Understanding the Impact of Driver’s License Suspension: Lay Opinion in Impacted and Non-Impacted Populations

38 Pages Posted: 19 Oct 2020 Last revised: 24 Feb 2021

See all articles by William Crozier

William Crozier

Duke University School of Law

Brandon L. Garrett

Duke University School of Law

Karima Modjadidi

Duke University School of Law

Date Written: July 7, 2020

Abstract

The impact of low-level criminal enforcement on communities has been the subject of a growing body of scholarship and policy work. The result has been increased awareness that enforcement of minor offenses can impose unaffordable criminal debt and negatively affect other rights. Many jurisdictions suspend driving privileges for nonpayment of traffic fines or court nonappearance without considering an individual’s ability to pay. These practices affect millions of people in the United States. To investigate the impact of such suspensions, we surveyed people in North Carolina (N=853), a state with over 1.2 million such suspensions. Eighteen percent of respondents reported having had a suspended license, with race and low income predicting higher suspension rates, and increased difficulty for daily activities and ability to pay for housing. Thus, suspension policies are of questionable deterrence value and little public safety benefit, but impose real hardships. We suggest the simplest policy change is legislation barring suspension for non-safety reasons. We also discuss other more incremental options, as well as challenges in implementing restoration efforts for those affected. Comprehensive local-level efforts, which we describe, are likely necessary to address the challenges and harms associated with driver’s license suspensions.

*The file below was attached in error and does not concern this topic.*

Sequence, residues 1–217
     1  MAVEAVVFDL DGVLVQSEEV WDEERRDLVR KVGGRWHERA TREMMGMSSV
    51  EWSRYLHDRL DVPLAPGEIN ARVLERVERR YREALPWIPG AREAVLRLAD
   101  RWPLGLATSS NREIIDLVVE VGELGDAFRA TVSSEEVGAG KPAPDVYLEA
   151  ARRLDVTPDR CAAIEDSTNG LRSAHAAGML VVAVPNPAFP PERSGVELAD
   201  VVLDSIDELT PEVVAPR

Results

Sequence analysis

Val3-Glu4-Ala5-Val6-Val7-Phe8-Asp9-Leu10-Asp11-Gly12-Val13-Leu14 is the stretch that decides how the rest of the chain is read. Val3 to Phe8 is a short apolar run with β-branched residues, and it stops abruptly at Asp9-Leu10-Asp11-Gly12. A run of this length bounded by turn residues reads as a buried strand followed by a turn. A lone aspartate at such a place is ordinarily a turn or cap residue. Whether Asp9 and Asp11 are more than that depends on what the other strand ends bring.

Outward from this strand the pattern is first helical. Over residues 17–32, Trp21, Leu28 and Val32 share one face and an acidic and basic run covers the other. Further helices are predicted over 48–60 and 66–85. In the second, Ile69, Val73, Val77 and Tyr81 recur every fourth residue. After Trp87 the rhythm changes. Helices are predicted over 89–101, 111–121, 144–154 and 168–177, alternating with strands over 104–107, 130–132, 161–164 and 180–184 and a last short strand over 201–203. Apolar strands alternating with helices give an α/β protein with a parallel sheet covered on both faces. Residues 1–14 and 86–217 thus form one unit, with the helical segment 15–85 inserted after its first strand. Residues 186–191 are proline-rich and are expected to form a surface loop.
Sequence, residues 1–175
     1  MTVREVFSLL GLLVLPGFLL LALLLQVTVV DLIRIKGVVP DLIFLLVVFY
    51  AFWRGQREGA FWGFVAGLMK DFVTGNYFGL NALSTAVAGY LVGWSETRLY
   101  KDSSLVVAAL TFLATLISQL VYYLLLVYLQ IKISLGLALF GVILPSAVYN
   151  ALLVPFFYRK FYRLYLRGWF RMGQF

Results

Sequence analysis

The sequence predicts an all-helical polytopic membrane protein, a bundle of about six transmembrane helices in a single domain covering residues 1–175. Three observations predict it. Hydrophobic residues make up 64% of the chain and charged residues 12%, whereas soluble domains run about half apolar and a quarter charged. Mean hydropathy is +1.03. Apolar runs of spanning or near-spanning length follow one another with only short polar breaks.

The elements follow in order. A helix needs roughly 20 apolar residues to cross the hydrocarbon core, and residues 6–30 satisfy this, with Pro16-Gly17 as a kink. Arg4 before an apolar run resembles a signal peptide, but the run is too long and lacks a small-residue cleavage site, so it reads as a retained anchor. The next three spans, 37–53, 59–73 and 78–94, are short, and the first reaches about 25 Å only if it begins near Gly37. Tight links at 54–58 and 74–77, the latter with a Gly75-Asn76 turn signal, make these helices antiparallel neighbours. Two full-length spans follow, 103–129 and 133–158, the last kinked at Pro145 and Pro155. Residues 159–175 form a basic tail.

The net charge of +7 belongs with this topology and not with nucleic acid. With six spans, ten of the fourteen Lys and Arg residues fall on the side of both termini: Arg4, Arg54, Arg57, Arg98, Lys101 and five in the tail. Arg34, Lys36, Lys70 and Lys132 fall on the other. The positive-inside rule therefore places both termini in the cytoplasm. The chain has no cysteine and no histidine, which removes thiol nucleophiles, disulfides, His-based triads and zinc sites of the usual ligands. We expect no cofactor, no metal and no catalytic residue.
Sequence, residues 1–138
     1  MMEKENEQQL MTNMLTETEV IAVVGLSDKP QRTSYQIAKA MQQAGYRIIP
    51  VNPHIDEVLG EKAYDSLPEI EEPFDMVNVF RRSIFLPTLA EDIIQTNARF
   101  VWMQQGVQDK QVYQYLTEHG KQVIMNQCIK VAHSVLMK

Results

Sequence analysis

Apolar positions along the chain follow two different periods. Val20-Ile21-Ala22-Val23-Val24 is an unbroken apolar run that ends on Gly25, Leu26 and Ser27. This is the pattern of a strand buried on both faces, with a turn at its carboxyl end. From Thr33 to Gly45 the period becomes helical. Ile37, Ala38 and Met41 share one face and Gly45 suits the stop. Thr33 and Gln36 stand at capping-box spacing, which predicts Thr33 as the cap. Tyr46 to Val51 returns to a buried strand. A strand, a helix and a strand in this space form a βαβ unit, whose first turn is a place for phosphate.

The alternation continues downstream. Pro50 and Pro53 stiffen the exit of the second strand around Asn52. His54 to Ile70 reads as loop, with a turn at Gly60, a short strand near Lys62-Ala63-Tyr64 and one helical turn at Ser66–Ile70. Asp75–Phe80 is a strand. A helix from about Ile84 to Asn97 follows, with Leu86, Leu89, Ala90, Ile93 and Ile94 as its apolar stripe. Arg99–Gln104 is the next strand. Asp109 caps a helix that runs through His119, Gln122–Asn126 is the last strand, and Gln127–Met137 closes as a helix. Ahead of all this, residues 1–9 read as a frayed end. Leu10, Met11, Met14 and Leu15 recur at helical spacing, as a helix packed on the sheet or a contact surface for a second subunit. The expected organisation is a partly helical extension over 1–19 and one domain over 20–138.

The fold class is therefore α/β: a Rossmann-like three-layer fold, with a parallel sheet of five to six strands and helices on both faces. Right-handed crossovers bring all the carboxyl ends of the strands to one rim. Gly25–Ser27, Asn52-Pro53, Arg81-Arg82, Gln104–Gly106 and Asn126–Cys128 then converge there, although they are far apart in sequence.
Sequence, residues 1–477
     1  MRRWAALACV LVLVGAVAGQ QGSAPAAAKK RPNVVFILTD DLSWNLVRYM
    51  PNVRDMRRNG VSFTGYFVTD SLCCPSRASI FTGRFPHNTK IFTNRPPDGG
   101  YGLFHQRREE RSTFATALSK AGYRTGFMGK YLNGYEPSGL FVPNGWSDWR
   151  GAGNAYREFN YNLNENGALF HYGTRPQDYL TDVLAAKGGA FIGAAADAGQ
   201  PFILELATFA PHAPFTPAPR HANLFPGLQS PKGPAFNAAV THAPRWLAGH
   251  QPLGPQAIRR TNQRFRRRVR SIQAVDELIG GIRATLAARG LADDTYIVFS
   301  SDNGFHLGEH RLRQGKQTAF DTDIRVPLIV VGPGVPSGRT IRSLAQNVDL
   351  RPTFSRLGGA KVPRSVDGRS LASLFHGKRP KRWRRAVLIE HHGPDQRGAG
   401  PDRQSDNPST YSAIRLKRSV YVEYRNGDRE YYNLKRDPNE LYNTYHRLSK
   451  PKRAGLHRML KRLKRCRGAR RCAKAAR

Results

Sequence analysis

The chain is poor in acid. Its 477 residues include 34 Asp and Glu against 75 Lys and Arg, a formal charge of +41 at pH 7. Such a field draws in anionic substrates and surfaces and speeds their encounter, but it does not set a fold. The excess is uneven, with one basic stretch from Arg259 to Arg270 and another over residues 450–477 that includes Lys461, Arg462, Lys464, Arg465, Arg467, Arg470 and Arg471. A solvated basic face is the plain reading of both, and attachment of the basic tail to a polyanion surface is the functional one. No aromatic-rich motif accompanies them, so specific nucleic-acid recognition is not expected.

Keywords: Driver’s license suspension, traffic enforcement, misdemeanors, collateral consequences, inequality

Suggested Citation

Crozier, William and Garrett, Brandon L. and Modjadidi, Karima, Understanding the Impact of Driver’s License Suspension: Lay Opinion in Impacted and Non-Impacted Populations (July 7, 2020). Duke Law School Public Law & Legal Theory Series No. 2020-70, Available at SSRN: https://ssrn.com/abstract=3645308 or http://dx.doi.org/10.2139/ssrn.3645308

William Crozier (Contact Author)

Duke University School of Law ( email )

210 Science Drive
Box 90362
Durham, NC 27708
United States

Brandon L. Garrett

Duke University School of Law ( email )

210 Science Drive
Box 90362
Durham, NC 27708
United States
919-613-7090 (Phone)

HOME PAGE: http://www.brandonlgarrett.com/

Karima Modjadidi

Duke University School of Law ( email )

210 Science Drive
Box 90362
Durham, NC 27708
United States

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